June Richmond (1919-62) is best remembered (if she is remembered at all) for being the first African-American singer to be part of a white big band, preceding Billie Holiday’s stint with Artie Shaw by several months. She toured with Jimmy Dorsey in 1936 and was a member of Andy Kirk’s orchestra during 1939-44. Despite her later success in Europe and her singing talents, she never became a big name in the US and is long forgotten.
One of the main reasons that Richmond never caught on in America is that she was very overweight and certainly did not look like a glamorous singer during the swing era. Looks have always counted in show business. However the recently compiled two-CD set Hey Lawdy Mama – Rare Recordings 1938-61 shows what America missed.
June Richmond originally studied opera but switched to jazz when she was 15. She sang with Les Hite in Los Angeles and was discovered by Jimmy Dorsey and Bing Crosby. Richmond was with Dorsey’s orchestra for several months until the band was set to tour the South and she dropped out. She next joined Cab Calloway’s orchestras before becoming a popular fixture with Andy Kirk for five years. After leaving Kirk, she had a specialty act, appeared on stage (including on Broadway in the musical Are You With It), and was featured in a few Soundies. In 1948 she moved to Europe, living for periods in Scandinavia and France, working regularly, and recording several albums including a set of songs from Porgy and Bess in French. In 1962 she died from a heart attack when she was just 47.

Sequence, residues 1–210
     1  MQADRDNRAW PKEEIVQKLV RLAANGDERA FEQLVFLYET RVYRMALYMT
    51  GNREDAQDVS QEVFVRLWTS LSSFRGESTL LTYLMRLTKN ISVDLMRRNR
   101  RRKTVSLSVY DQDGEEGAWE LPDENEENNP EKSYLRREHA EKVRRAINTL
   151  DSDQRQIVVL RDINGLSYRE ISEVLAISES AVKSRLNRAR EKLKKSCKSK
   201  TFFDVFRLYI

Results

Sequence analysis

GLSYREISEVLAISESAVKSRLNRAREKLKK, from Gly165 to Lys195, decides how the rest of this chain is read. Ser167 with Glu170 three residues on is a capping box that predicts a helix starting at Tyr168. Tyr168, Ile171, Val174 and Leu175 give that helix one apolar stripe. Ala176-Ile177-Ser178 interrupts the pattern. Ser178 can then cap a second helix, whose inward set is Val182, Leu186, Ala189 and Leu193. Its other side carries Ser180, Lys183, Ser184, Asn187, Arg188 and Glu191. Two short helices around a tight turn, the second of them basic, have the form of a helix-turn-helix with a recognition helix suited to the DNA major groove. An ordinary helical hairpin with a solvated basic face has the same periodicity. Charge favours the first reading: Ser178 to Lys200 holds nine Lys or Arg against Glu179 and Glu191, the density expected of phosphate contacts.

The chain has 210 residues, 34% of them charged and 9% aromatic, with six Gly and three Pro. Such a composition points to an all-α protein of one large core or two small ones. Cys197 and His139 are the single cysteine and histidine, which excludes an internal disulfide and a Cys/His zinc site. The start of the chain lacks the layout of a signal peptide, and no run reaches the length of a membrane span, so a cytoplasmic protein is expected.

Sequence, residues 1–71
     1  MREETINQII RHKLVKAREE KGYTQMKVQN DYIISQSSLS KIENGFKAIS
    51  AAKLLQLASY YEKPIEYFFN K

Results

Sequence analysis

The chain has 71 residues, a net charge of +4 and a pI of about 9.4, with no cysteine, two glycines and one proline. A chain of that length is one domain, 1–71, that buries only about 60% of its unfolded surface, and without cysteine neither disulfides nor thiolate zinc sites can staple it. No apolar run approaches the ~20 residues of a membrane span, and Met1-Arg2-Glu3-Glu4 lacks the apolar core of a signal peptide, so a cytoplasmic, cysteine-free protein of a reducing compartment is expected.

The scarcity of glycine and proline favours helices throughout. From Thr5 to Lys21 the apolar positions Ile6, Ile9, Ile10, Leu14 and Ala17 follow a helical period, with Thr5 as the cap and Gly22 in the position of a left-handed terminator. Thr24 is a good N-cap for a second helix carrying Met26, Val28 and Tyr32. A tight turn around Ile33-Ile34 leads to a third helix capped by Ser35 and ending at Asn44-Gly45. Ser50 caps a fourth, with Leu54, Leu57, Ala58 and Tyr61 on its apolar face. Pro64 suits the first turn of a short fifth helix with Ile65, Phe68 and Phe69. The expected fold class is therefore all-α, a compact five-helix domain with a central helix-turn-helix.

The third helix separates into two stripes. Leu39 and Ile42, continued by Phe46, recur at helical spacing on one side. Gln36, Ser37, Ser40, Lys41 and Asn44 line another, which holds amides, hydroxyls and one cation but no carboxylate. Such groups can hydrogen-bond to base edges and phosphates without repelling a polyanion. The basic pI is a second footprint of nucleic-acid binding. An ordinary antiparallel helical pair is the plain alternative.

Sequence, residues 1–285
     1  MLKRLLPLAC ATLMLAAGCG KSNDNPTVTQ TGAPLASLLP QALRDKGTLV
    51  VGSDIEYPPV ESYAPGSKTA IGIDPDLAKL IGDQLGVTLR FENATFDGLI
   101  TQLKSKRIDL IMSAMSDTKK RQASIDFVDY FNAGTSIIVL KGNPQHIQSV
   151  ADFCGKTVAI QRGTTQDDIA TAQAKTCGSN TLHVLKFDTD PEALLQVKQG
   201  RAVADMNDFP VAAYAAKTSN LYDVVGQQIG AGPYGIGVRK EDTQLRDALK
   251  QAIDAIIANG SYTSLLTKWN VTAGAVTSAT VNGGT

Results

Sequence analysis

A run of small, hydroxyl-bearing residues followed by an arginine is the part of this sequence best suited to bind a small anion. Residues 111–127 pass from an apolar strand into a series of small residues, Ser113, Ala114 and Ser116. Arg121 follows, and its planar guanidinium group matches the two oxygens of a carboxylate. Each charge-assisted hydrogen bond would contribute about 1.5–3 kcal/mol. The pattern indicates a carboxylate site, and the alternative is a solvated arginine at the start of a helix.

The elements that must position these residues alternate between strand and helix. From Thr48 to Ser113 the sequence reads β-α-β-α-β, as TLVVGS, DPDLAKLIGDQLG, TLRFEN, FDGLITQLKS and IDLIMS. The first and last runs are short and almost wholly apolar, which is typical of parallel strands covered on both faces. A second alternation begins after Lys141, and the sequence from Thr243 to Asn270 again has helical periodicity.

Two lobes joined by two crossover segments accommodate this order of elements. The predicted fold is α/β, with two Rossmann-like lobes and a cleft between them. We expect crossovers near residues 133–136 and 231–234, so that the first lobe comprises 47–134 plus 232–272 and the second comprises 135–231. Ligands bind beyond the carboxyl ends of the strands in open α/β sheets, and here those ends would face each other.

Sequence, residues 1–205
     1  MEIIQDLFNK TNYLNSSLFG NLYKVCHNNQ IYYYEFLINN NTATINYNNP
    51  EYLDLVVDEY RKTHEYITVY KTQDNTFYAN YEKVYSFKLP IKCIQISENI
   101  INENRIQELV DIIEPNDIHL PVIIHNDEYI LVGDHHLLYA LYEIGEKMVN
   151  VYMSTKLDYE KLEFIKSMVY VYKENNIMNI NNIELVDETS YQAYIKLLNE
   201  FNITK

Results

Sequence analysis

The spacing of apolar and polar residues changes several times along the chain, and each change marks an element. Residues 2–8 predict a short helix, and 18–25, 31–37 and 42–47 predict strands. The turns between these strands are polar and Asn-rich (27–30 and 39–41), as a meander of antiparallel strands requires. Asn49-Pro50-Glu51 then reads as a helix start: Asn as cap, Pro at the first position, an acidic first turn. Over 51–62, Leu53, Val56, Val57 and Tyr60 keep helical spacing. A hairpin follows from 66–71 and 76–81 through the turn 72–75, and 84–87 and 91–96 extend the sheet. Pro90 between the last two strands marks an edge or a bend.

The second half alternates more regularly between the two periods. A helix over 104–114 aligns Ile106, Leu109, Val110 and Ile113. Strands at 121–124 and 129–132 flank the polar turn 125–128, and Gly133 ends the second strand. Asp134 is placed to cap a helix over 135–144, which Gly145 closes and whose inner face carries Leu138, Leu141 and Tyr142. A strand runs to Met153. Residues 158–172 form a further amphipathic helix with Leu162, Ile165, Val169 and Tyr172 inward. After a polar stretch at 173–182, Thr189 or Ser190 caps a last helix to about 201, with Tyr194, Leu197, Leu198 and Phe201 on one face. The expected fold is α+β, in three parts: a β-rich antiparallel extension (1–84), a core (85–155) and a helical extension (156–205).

Alan Eichler recently put together the Hey Lawdy Mama twofer and did a wonderful job of compiling nearly all of June Richmond’s recordings and writing the informative liner notes. Included are the singer’s seven selections with Jimmy Dorsey (including “I Let A Song Go Out Of My Heart” and “The Darktown Strutters’ Ball”), the two numbers that she recorded while with Cab Calloway, and all but three songs that she made while with Andy Kirk including “Hey Lawdy Mama” and “Ride On, Ride On.”
While some of those performances might be a little familiar, the second half of this release will be a bit of a revelation for June Richmond grew in power and depth as her life progressed. She is heard on a variety of American recordings from 1945-47 that were issued under her own name including “After You’ve Gone,” “Are You With It,” and “If You’ve Got The Money, I’ve Got The Time.” The set then jumps to 1957 and the final 24 selections are from the 1957-61 period. Accompanied by large studio ensembles (including three songs with the Quincy Jones Orchestra), Richmond shows that she had developed into a superior swing, ballad and show singer, one who was as comfortable singing in French as she was on such songs as “I Can’t Give You Anything But Love,” “Lover Come Back To Me,” “Begin The Beguine,” and “Everybody’s Doin’ It Now.”
This reissue gives one the opportunity to discover June Richmond, a singer who deserved better.